Danish brewer Carlsberg on Wednesday reported a worse-than-expected third-quarter result as bad summer weather in Northern and Western Europe hit its beer volumes. It also saw a decline in its important Russian market.
Still, the company relieved investors by reiterating its operating profit forecast for the full year 2011, and shares rose some 5 percent to 385.30 kroner ($71.30) on the Copenhagen stock exchange.
Net profit for the quarter came to 2 billion kroner ($370 million), up slightly from 1.9 billion kroner for the same three months a year ago, but 2010 was weighed down by heavy restructuring costs in Sweden, Denmark, Norway, Britain and the disposal of a logistics business in France.
The company blamed most of the downturn on poor weather in Northern and Western Europe, especially in the month of July, which last year gave the company an upswing as unusually warm weather attracted hordes of thirsty beer-drinkers.
It also pointed to a declining market in Russia, where local and international brands are putting up stiff competition.
Sales for the quarter dropped to 17.4 billion kroner, compared with 17.7 billion a year earlier.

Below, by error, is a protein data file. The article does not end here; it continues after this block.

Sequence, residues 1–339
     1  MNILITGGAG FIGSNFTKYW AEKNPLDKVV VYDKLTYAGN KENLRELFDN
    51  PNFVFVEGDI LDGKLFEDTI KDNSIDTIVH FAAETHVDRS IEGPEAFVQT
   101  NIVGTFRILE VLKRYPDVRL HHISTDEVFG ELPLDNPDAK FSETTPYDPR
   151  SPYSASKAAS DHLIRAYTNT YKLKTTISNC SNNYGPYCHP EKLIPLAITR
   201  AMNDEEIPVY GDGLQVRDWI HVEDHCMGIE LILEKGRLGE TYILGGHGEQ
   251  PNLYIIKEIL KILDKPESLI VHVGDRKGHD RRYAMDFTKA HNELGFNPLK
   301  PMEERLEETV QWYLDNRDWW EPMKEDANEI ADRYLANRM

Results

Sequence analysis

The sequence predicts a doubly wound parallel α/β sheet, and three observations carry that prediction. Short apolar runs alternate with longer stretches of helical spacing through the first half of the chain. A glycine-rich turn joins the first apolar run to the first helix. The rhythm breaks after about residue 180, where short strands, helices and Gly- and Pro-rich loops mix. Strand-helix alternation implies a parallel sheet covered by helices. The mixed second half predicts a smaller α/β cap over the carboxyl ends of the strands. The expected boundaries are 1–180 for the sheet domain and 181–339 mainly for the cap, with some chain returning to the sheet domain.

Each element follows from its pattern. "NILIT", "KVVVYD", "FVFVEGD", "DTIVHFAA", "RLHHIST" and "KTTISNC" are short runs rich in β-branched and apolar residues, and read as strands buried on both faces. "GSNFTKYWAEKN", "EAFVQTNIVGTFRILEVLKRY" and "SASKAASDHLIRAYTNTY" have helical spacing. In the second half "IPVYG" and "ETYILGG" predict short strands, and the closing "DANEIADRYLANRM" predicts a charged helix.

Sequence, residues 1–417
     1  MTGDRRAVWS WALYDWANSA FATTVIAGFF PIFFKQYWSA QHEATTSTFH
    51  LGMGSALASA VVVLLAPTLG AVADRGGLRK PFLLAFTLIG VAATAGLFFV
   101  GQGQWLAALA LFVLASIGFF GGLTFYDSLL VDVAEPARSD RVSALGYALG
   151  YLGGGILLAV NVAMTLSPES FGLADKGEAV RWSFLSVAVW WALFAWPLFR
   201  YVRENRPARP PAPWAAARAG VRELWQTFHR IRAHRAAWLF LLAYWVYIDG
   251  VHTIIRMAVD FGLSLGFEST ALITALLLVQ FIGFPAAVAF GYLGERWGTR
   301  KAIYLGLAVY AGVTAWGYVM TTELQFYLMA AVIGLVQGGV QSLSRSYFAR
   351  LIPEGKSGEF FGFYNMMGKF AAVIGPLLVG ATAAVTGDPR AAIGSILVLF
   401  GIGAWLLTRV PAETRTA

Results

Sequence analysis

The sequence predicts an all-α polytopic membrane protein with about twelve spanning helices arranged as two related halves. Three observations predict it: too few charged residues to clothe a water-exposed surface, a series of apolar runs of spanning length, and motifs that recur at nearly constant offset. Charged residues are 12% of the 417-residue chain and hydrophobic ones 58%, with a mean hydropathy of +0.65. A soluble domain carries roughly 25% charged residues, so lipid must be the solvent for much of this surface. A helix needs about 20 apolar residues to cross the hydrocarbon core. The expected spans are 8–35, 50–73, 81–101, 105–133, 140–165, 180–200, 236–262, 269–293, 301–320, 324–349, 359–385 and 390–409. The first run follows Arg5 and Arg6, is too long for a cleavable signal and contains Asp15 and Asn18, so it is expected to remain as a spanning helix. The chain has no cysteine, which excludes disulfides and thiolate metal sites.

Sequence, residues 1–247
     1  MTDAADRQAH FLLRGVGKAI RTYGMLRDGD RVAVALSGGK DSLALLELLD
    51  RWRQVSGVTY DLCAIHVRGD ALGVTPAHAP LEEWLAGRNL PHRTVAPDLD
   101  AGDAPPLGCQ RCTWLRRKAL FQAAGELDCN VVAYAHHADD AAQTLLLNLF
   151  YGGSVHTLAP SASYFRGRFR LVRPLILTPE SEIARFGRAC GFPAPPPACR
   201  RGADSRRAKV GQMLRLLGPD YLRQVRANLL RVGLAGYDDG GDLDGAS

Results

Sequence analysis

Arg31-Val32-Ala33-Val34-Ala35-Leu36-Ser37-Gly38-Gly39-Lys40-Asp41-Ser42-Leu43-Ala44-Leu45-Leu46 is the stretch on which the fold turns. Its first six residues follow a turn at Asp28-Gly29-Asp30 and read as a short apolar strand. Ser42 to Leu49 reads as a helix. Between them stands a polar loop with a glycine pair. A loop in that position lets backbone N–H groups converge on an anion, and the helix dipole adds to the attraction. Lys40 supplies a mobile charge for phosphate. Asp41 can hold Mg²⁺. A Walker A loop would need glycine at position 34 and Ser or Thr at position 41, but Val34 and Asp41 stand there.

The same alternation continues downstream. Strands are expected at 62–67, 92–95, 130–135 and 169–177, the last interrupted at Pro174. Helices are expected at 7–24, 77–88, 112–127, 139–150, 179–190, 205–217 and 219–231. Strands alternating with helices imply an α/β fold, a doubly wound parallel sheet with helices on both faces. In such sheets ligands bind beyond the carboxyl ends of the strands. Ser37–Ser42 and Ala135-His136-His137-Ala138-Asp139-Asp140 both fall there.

"2011 has been a challenging year and we have faced headwinds from rising input costs, adverse weather conditions and soft trading conditions in our largest market," CEO Joergen Buhl Rasmussen said.
Going forward, he said his company plans to "speed up structural initiatives to become even more efficient and customer focused and we will continue to drive value in the category."
Sydbank analyst Morten Imsgard said that overall there wasn't much positive news in the report, noting that what is happening in Russia "is a serious situation for Carlsberg."
He also added that he had "not expected such a large swing in the results due to sluggish summer weather."
Still, he noted that the markets seemed to have been comforted by the full-year forecast reiteration and that the numbers were not as bad as they could have been.